Thin client computing has been given a bad rap because the initial costs of purchase may be high. But, this is about to change as the technology matures and bandwidth connectivity and reliability escalates.
Thin client computing, also known as "server-centric computing" or "virtual user interface software", differs from the traditional client-server paradigm in that its architecture basically centralizes control of an enterprise environment's software in order to deliver its attendant benefits.
The newest systems make client software a standard browser plug-in, extending the hardware that is supported. On the back end, administrators can configure the systems to let users access applications though an intranet Web page. Proprietary protocols enable thin client products to offer faster access to back-office applications on low-bandwidth wide area networks while reducing infrastructure and administration costs.
Compared with desktop PC systems, thin clients offer several promises. The best known of these is perhaps the reduction of equipment maintenance and upgrade costs because of the need to accommodate more resource-intensive applications. Martin Gilliland of Gartner estimates that thin clients have more than a four to five year life cycle when compared with a conventional PC's three to four year life cycle.
With software upgrades only needing to be done on the server, the process is also easier, cheaper and faster to execute; almost no software resides on the thin client. Fiona Hee, marketing manager, Asean Citrix Systems explained that with thin clients having no hard drives and drawing their functionality from servers, power consumption was reduced. She estimated that power consumption of a thin client at 14 percent of a PC's.
Moreover, since nearly every file or piece of software resides on servers in a thin client environment, security and disaster recovery capabilities can be significantly increased.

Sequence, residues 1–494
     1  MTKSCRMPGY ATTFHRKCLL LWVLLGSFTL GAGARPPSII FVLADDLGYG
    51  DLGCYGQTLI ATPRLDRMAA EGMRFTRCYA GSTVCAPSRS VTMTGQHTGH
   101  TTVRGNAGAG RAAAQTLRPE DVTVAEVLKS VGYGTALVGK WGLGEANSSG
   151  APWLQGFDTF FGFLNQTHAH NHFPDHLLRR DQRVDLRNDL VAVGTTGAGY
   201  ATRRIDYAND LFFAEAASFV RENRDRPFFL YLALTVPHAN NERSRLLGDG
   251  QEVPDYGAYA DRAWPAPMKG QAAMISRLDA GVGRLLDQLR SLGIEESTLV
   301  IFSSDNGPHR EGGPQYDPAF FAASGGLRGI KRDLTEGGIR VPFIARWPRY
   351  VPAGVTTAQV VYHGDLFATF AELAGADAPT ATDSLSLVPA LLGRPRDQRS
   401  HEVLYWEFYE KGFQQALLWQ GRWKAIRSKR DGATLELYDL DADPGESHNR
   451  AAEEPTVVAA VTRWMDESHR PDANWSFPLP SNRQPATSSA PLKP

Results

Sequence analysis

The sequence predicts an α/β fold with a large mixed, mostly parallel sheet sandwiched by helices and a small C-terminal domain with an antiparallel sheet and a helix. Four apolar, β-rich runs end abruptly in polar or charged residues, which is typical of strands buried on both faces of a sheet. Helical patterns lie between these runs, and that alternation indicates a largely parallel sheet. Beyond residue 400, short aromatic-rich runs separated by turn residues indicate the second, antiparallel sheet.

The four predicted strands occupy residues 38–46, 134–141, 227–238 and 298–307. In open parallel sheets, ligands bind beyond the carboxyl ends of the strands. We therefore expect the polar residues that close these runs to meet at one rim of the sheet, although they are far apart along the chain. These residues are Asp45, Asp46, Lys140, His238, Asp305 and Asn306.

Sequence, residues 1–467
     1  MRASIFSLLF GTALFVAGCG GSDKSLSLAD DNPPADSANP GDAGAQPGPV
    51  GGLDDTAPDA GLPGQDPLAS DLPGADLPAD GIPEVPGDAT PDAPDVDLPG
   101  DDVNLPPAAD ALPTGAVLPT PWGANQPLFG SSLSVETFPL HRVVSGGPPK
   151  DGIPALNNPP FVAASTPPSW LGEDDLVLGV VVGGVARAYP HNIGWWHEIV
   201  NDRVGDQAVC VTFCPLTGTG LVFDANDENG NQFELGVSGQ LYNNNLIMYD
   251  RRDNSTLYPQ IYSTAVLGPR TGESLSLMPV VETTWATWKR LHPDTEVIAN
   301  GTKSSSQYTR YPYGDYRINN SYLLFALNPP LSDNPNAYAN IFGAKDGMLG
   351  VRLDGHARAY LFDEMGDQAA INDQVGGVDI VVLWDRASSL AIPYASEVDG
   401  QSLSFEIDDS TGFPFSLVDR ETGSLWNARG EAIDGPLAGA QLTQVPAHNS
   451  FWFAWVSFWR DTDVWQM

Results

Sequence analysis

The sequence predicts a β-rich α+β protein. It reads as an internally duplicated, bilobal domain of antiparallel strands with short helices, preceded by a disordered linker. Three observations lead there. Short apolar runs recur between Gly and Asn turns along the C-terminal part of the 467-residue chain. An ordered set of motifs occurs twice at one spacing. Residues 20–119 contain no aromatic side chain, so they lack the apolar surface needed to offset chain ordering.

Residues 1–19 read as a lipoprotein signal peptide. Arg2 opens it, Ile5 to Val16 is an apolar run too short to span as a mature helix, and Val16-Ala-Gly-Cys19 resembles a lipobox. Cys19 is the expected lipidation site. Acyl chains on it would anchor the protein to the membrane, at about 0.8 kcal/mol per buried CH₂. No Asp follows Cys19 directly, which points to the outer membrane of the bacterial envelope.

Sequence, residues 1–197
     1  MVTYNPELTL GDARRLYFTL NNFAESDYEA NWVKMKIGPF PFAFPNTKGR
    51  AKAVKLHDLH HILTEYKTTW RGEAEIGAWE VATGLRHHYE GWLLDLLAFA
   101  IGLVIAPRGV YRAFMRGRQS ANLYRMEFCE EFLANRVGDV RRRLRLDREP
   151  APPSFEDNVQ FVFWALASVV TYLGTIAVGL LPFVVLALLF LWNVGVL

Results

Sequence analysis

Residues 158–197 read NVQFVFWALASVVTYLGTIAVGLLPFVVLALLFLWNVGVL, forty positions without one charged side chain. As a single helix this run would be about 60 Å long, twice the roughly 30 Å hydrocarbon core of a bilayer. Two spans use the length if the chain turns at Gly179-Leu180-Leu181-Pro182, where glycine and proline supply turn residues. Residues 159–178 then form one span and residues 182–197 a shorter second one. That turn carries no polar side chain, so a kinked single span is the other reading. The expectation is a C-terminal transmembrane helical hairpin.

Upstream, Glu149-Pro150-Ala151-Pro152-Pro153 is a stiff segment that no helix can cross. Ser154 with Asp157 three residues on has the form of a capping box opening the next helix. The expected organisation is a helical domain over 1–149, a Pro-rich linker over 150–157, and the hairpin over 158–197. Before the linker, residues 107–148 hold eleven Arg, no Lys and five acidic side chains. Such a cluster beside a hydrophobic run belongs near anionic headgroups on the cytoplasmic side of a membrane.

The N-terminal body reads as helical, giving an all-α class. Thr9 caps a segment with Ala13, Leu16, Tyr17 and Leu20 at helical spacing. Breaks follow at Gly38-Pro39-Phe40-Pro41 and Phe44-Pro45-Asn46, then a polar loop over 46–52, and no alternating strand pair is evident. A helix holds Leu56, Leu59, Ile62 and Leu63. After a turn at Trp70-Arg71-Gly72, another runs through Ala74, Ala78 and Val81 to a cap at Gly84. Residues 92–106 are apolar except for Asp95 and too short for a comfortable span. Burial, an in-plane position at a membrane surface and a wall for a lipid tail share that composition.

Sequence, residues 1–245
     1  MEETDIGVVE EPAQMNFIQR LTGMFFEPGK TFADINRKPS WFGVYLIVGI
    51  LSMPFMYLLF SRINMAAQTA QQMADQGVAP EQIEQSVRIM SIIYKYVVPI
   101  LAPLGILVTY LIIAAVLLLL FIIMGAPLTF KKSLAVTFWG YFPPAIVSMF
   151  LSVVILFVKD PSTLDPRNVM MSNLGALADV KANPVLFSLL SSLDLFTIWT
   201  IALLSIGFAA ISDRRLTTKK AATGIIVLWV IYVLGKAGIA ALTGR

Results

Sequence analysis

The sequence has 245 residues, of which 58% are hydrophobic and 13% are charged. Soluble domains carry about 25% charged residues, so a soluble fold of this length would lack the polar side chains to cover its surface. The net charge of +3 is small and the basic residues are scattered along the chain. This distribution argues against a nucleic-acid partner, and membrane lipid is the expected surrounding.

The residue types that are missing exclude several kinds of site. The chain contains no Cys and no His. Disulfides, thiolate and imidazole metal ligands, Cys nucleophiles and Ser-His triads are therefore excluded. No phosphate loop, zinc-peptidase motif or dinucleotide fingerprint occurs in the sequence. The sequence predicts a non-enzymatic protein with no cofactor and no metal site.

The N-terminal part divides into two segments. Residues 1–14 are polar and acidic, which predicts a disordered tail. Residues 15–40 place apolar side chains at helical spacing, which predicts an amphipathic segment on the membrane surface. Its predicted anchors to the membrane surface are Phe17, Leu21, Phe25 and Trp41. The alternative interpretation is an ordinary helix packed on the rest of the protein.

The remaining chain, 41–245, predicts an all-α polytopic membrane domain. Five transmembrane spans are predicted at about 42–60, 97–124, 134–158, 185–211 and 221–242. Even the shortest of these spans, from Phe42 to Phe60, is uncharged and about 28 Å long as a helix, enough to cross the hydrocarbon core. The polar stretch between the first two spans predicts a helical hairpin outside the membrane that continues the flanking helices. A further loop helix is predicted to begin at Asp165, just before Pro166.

"It is harder for viruses to be introduced in a thin client environment, and security can be enhanced greatly through adding levels of encryption," explained Hee.
Thin clients can also offer smart card functionality that restricts physical access to the desktop, providing an additional security layer. "Users can also access their individual computing sessions from any appliance in the workgroup, because the session resides on the server and is accessible up instantly with the insertion of a smart card or a password," said Donald Chen, consulting manager, Product Technology, Sun Microsystems.
Given the developments in thin client technology, vendors and resellers are understandably upbeat about thin client systems being able to replace traditional desktops wholesale. "If you're going to go thin client, do it for the whole desktop," said Steve Kaplan, a vice president and general manager at U.S.-based Citrix reseller Vector ESP. "Sure, you can make exceptions, but for the most part, go thin client everywhere." He added that the biggest mistake was to put in the infrastructure but then only use it for a couple of applications.
The startup costs can also be quite high. "Old desktops need to be retired generally all at the same time for the easiest installation, and new clients and servers need to be installed all at the same time," explained Gilliland. "Add to this the increased bandwidth requirements from the network, depending on the software used, and the initial investment can be prohibitive especially when chief information officers (CIOs) are being asked to show immediate return-on-investment (ROI) on their investments today."